Spend time in positions that provide a good understanding of business measurement, outcomes, strategy and goals (capital planning, strategic planning, enterprise architecture, business analysis).

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Profile Photo Linda Y. Cureton

Andrew:

At this point, your experience is more important than your academic background. In particular an MPA is a pretty good start. You don’t give an indication about your technical expertise, so I will assume not much just for the sake of discussion.

If you plan on going back to school to study an IT related field, I would suggest IT security. The demand is high in the area and your MPA would come in handy to applying business sense to your technical area.

One you’ve settled in the technical area of your choice, say after two years, start looking to move to another federal agency. Having a diverse experience will naturally enhance your network. Many people stay in one agency for decades. Pretty much, if you did this, you would only have ONE CIO position to shoot for. You want to diversify so that you can be a credible candidate for most jobs. Get a ticket punch in a field location even if it is just a detail assignment. In many agencies, the real work is done in the field. A successful CIO will need to understand what life is like in the field.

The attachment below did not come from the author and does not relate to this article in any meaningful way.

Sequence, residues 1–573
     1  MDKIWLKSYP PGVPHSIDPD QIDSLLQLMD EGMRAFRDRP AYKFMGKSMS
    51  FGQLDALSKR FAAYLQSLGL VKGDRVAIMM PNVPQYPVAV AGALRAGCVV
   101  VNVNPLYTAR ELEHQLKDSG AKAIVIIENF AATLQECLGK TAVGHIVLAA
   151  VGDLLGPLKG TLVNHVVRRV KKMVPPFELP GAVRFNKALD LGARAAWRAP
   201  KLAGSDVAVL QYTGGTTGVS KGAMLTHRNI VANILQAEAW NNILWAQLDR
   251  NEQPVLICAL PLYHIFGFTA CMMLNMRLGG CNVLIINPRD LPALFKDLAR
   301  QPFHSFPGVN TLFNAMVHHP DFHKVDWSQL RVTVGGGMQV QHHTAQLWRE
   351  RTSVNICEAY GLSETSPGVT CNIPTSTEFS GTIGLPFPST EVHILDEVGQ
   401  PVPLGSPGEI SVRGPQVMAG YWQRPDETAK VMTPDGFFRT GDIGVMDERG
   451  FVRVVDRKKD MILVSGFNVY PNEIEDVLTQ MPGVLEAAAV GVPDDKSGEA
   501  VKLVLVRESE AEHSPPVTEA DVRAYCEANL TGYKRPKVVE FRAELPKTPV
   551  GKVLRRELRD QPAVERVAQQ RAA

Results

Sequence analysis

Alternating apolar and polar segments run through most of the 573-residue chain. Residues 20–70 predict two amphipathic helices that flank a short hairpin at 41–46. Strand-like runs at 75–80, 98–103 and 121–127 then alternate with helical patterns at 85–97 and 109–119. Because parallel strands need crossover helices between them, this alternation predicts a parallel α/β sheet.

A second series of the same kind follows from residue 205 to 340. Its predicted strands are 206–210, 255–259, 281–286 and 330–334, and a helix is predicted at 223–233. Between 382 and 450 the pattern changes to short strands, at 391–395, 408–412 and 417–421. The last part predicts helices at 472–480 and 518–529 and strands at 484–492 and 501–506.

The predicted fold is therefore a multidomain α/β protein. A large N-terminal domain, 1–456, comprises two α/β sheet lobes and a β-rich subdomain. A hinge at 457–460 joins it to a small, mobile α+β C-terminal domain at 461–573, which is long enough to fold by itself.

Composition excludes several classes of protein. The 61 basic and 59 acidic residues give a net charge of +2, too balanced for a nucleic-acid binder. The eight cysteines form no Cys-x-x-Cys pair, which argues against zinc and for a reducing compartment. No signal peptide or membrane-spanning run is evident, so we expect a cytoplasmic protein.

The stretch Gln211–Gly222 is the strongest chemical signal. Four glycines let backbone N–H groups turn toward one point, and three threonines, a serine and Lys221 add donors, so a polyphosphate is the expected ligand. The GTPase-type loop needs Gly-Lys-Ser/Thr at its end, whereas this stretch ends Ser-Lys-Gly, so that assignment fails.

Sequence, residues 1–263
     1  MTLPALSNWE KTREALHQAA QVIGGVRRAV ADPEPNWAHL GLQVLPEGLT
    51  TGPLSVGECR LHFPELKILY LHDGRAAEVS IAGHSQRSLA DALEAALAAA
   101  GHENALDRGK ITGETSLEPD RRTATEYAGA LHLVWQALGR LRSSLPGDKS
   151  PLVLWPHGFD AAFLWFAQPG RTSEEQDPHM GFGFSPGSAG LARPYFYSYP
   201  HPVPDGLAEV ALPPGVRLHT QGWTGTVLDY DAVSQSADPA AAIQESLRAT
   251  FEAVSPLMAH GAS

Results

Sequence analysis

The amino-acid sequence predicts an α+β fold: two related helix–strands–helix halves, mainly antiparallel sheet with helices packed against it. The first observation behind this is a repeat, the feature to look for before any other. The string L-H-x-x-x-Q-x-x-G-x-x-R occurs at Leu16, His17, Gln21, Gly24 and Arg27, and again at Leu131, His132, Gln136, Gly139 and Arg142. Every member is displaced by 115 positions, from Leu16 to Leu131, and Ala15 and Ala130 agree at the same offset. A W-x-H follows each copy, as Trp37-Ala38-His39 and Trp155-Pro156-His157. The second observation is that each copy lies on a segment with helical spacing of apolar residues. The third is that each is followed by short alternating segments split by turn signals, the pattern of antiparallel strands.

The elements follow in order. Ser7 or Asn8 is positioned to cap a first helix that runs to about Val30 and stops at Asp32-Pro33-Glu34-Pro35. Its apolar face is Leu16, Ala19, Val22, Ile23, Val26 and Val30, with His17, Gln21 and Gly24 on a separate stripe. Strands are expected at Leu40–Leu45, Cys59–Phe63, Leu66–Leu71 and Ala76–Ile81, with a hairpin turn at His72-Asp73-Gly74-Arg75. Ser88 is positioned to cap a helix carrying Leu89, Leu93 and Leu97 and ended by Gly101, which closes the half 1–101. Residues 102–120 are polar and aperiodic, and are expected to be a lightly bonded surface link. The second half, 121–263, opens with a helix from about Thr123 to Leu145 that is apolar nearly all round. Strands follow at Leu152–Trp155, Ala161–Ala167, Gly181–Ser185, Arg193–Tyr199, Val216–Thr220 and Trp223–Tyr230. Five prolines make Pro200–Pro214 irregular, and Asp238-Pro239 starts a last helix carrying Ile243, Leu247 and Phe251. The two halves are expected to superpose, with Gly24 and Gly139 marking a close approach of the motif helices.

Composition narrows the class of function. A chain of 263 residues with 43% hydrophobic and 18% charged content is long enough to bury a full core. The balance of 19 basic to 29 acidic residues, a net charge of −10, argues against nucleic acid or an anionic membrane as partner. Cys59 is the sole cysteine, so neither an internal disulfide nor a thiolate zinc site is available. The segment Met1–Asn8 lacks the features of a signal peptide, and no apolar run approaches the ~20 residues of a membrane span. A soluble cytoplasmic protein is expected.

When you make your move, keep an eye on getting into management. Make this perhaps your 3rd job change. After that, seek progressively more resonsible positions. As you progress, you will need to increase scope, budget, or staff size. When you get to a GS-14, start looking for jobs with title of Deputy Associate CIO, Associate CIO, or Deputy CIO.

If you’re in Washington DC area, try to get into the American Council for Technology (ACT) Voyagers Program. If you’re a GS-15, shoot for Partners. You’re building your network now. Don’t get seduced by industry’s love for you at this point (not ever actually). You will receive kudos about your intelligence, business savvy, good looks, etc. And it will be directly proportional to your IT budget authority. Don’t get tripped up by that. But, do nurture valuable professional relationships that will help you as you move t next level.

Start working on your leadership skills. Volunteer to lead things — especially IT-related. I think that church is a good leadership training ground. Or perhaps a community organization. Make sure that you get results. Set goals and see if you achieved them. You will need to find good ways to measure yourself and get feedback. Surround yourself with close colleagues who will tell you the truth about yourself. They are invaluable.

Now you’re ready to start applying fo CIO jobs. Time frame is reasonably 10 years

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Profile Photo Andrew Soper

Thanks for the great advice! It’s nice to get insight by some of the great leaders in the federal government. I can’t wait to put it to use.